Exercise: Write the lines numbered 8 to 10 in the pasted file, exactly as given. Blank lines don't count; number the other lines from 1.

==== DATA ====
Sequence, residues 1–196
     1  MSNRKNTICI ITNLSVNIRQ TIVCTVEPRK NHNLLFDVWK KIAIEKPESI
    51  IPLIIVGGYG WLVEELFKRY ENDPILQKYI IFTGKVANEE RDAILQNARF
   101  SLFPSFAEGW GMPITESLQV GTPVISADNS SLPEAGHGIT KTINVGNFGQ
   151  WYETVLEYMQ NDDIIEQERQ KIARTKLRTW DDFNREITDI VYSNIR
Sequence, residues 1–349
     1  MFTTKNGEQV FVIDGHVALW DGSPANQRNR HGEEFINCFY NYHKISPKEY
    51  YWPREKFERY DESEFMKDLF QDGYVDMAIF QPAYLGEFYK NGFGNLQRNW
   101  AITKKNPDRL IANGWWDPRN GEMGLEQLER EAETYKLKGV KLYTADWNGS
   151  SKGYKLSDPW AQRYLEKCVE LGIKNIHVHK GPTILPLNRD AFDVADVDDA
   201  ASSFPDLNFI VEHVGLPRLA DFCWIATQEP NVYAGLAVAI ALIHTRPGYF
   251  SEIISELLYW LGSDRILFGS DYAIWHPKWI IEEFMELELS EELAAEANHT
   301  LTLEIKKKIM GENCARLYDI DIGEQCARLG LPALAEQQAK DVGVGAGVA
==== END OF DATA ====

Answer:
    51  YWPREKFERY DESEFMKDLF QDGYVDMAIF QPAYLGEFYK NGFGNLQRNW
   101  AITKKNPDRL IANGWWDPRN GEMGLEQLER EAETYKLKGV KLYTADWNGS
   151  SKGYKLSDPW AQRYLEKCVE LGIKNIHVHK GPTILPLNRD AFDVADVDDA